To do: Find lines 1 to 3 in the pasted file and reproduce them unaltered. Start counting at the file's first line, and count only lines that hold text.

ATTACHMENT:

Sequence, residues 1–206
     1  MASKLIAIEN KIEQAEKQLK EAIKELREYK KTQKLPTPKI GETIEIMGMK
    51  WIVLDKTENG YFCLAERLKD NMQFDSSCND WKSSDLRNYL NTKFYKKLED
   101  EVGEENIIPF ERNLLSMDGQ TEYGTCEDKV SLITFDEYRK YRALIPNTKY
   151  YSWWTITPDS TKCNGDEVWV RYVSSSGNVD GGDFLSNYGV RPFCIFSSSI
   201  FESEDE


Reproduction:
Sequence, residues 1–206
     1  MASKLIAIEN KIEQAEKQLK EAIKELREYK KTQKLPTPKI GETIEIMGMK
    51  WIVLDKTENG YFCLAERLKD NMQFDSSCND WKSSDLRNYL NTKFYKKLED